On Friday 7 June 2013, Grampian Police surrounded an empty flat on a curious tip-off that someone with a gun was inside. The owner George Copland was arrested elsewhere on Sunday 9 June. The police spent days tearing his place and his possessions to pieces, leaving an impassable mess behind them. Released without charge, he has had absolutely no help with clean-up and no apology.
Having visited the property at the end of October, contacted the police and Aberdeen City Council, Suzanne Kelly reports.
George Copland is not well; this is no surprise. He was unjustly, as it transpires, arrested after Grampian Police dramatically lay siege to his empty flat, cordoned it off for days while conducting a destructive search that yielded no evidence of gun crime or any other crime.
He was arrested on the following Sunday even though there was no evidence of any crime, held for some 12 hours, and released without charge.
He is also without explanation, apology, any form of clean-up and any compensation.
Freedom of Information requests have been lodged for details of the arrest, siege and search. The police have not given any comment on the situation.
Normally if someone is the subject of a destructive, intensive, intrusive search and no wrongdoing is discovered, they are entitled to compensation and to having the property restored to its former condition.
And what a condition the flat is in. George gave me a tour – as far as was possible. I was not able to fit into parts of the premises for all of the possessions, many broken, strewn throughout.
It seems items were removed from the loft, examined, and left. Items such as CDs lie around an emptied CD rack, many broken. George enjoys playing with remote control toys; some of which are – or rather were – worth a fair amount of money.
“See this car; it was in perfectly good shape,” he tells me, holding a large, clearly intricate radio-controlled car; its front wheels are missing and it seems to have been crushed.
“They must have stood on it to break it.”
“I’ve had to see my doctor; this is really too much.”
“I tried to send photographs of the damage to WPC Niki Trower (an officer who seems to be involved with the case), but she says she can’t access the photos I’ve emailed for security reasons.”
When I visit the house, it is clear that anyone claiming a gunman was inside must have gone up close to the windows: what made the witness or witnesses make such a claim? What led them to look into the windows?
The house is attached to another house, but its windows are not exactly on the beaten path.
The part of the house which is visible from a distance over a grassy area near Provost Rust Drive does not even have any windows. The window near one of the two doors to the flat only has small windows, and unless someone specifically went to the back of the house and peered in, there is no way they would see anything there.
Then we come to the other door. The main entrance to the flat is down a short path, and past the other attached house. Unless someone were coming to visit the other house and continued on to George Copland’s front door and peered in the windows, they would not readily see anyone.
No one would have any business going down this path unless they were visiting the neighbour or George; if visiting the neighbour, what would have made them continue past the door of their destination and look into George’s windows?
George tells me:
“I had aeroplanes hanging up in the bathroom; they were taken down and thrown in the bath”
Everywhere is the sight of broken toys and goods, some smashed, some clearly deliberately dissembled – while police apparently looked for an invisible gunman with non-existent guns.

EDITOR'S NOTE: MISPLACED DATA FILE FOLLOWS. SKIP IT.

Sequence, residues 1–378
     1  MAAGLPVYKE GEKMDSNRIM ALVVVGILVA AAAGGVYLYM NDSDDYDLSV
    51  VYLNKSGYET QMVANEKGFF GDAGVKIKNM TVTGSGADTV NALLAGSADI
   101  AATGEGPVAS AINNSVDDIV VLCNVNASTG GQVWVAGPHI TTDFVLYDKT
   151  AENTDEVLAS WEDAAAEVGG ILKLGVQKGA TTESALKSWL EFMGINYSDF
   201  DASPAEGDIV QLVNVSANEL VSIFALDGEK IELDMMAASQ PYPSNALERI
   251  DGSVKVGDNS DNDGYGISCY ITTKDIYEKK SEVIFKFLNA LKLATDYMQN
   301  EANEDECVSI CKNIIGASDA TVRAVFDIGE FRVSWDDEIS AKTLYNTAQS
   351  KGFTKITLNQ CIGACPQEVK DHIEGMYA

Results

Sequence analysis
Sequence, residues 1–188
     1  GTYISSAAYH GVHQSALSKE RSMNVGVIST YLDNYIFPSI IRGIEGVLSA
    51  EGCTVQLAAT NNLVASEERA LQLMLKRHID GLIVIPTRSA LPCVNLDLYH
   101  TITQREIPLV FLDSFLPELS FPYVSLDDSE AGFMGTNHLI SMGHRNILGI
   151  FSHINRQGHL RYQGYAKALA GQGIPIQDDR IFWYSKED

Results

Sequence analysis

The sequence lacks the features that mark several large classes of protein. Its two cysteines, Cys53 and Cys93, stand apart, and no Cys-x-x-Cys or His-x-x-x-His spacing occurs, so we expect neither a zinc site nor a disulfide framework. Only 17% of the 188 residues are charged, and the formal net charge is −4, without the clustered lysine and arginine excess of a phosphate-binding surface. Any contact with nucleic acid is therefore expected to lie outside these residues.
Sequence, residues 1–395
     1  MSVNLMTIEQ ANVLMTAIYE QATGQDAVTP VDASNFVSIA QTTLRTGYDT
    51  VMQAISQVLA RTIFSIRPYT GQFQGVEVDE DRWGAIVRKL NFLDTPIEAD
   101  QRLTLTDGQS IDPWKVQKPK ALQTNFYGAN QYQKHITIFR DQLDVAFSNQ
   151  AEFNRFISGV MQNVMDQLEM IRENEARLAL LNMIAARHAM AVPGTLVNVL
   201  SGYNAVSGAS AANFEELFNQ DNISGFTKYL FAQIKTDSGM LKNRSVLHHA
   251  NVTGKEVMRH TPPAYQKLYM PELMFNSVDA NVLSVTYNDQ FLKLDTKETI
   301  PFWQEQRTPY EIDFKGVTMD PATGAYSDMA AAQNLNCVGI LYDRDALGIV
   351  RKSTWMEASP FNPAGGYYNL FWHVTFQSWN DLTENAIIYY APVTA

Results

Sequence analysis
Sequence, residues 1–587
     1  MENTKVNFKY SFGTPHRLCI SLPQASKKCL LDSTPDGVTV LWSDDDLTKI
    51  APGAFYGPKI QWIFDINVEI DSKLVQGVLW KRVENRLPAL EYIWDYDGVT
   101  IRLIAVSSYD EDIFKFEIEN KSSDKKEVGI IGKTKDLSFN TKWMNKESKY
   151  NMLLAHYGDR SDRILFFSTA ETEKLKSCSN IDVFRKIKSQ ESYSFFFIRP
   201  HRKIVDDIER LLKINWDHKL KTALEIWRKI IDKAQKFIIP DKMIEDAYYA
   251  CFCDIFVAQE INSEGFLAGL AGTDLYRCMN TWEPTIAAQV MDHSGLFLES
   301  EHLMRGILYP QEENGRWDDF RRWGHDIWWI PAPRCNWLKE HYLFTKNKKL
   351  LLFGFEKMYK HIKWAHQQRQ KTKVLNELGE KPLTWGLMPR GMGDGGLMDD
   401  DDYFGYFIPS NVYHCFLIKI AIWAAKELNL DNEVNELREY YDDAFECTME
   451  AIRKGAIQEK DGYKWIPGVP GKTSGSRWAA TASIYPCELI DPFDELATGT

Famously (as reported in The Sun), the police apparently tried to suggest to Copland and get him to agree that a remote control and a feather duster could have been taken for weapons. Who was meant to be brandishing the imaginary weapon or even the feather duster is still a mystery, as we know as the police knew when they arrested Copland the flat they surrounded for 8 hours was empty.
Aberdeen Voice will report further on the details when they are released.
Turning again to the main entrance door – it had been broken in, and is now bolted into place, unusable. If there were a problem such as a fire (not inconceivable, given the state of the place) there is only one exit now where there would have been two.
The windows are too high to be utilised for the purpose of fire escape.
The Council have been approached about their failure to mend this door; apparently it takes weeks and hundreds of pounds to get a specialist door like this replaced.
This raises some interesting questions about procurement, keeping spares around, and how we wound up with such an expensive item with such a long lead time on the City’s budget. Let’s hope no other vulnerable people need a replacement door in a hurry.
In terms of expense, the siege and search will have cost the taxpayer a considerable sum.
Surely the responsibility for having misjudged the situation so badly sits squarely with the police, and restitution, if not apology, are long overdue.
There seems to be nothing the Council can do about the mess and destruction; this indeed should be resolved by Police Scotland immediately.
The Police will be put on notice that a formal complaint and legal action will be started if there is no positive development forthcoming.
One anonymous donor has come forward; others who wish to support any legal action are welcome to contact Aberdeen Voice for details.
Some politicians have been trying to help, and it is appreciated, but so far, nothing has changed for George, except that the strain is causing his health to deteriorate.
If we don’t live in a police state, let’s prove that now, and get Copland the help, flat clean-up and restitution he is clearly due: NOW.
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